November 16, 2021
Greetings fellow administrators, members, and supporters of NHAE,
As we now move into the second quarter of the academic year, let us think about what we have accomplished during the first quarter. As school leaders we have safely opened schools for all our students and have once again built community within the school building among the students and staff. While -it is clear- based on beginning of year data, that we have more students that will need additional supports to move them towards grade level this year, we also witnessed the joy that students bring when they are able to interact with their peers’ face to face. What a blessing this has been!
At our September meeting we had one of the largest turnouts for a general membership meeting in a long time. Our membership came out to welcome our first Latino CEO -not in an interim position- Pedro Martinez from our very own Pilsen neighborhood in Chicago. CEO Martinez gracefully took questions from the membership and stayed well past the time he promised. During the meeting he committed to meeting on a quarterly basis with the executive committee and highlighted three areas of focus: t
Ø Talent: Latino leadership pipeline, and equitable representation in the district
Ø Equity: in funding and program access at neighborhood schools
Ø Dual Language Education and other programs for our ELLs
CEO Martinez even stayed to take pictures with the membership; it felt like one of our typical Latino milestone celebrations.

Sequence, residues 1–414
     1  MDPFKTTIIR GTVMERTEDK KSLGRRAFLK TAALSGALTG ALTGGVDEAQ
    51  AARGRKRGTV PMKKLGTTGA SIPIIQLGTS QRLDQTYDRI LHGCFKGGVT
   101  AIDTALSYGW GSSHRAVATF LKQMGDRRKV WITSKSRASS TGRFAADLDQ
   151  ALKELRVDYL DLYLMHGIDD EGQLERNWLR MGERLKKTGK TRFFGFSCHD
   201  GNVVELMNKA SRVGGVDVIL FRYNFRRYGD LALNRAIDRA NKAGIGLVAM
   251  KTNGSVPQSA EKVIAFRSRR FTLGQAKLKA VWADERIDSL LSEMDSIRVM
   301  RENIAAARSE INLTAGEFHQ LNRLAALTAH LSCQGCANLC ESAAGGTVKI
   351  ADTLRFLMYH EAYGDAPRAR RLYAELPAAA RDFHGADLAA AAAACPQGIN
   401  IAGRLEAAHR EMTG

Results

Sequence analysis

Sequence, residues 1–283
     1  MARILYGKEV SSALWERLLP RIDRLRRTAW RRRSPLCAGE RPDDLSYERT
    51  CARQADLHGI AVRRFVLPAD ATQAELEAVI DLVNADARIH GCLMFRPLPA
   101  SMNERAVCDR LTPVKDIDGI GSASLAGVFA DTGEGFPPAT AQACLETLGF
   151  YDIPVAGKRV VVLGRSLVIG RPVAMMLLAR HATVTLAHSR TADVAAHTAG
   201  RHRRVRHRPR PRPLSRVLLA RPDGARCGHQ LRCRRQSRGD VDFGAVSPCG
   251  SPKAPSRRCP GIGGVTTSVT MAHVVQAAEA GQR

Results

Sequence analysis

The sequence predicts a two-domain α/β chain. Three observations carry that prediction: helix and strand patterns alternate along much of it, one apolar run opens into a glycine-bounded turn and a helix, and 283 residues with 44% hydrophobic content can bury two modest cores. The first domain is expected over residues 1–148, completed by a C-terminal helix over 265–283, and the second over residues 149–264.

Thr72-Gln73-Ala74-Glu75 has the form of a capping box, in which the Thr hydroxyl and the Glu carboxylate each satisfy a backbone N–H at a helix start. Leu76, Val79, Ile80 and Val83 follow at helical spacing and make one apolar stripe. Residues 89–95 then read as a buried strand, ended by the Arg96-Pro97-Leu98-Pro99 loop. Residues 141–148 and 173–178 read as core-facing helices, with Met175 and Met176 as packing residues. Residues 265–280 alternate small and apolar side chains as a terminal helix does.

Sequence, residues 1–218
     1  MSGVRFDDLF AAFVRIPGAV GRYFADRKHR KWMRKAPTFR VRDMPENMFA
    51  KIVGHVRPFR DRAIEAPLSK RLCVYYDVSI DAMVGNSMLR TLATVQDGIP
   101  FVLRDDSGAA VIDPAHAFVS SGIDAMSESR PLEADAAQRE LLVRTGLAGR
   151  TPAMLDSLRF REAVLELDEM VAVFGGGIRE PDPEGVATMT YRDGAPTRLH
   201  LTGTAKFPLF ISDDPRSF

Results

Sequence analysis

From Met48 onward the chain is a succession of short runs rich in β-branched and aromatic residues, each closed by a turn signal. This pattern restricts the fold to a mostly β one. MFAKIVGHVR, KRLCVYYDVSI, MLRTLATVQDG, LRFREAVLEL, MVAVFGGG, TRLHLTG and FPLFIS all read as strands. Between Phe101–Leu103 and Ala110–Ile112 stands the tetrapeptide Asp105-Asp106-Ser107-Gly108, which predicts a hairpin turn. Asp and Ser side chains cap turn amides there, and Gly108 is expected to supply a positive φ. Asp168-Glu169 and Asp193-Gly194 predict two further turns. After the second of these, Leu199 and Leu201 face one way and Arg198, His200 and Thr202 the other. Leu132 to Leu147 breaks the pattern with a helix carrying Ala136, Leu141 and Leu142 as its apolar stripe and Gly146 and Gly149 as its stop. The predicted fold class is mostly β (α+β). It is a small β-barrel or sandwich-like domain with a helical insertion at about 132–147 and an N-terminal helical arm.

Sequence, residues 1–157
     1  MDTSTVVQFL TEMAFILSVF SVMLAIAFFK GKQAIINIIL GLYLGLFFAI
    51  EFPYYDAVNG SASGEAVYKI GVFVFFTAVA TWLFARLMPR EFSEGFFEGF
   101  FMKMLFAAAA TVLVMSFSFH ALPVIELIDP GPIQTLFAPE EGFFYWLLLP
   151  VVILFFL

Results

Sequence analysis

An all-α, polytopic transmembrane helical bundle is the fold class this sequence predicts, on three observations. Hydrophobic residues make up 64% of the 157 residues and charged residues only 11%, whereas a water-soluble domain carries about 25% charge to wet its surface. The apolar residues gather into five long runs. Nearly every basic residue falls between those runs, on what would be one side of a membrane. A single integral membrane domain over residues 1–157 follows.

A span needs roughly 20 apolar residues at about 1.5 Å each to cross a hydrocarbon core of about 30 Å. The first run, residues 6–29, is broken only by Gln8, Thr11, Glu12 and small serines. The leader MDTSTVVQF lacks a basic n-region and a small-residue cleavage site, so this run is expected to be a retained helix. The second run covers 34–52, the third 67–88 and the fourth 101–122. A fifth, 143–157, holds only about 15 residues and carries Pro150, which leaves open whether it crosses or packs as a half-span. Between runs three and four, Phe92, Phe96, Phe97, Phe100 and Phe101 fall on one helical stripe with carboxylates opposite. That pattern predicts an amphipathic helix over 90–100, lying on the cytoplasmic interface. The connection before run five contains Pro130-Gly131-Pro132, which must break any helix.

This month our guest is Adrian Segura, who is serving as the Chief Officer of the CPS Family and Community Engagement (FACE) office. He will share with us the strategy his office has to re-engage our families with the schools, as this has been a challenge due the current pandemic. Mr. Segura comes to us from my original neighborhood, Humboldt Park. Once again, we have achieved a milestone at CPS, by having our first Latino heading the FACE office in a district that is 47% Latino.
Finally, as we celebrate National Native American month, let us remember the contributions of the first stewards of the lands in the Americas, the history of colonization in these lands, and how that has affected us as Latinos. As Latinos the blood of our indigenous ancestors runs through our veins and lives within us today. Let us be thankful that in our city and state teachers are free to teach the true history of this country, both the accomplishments and the mistakes. For it is by reflecting on our mistakes of the past that we can ensure a better future for us and the children we serve. I wish everyone a happy early Thanksgiving and hope you can spend it with the people you love.
Dr. Antonio Acevedo
President of the Network of Hispanic Administrators in Education.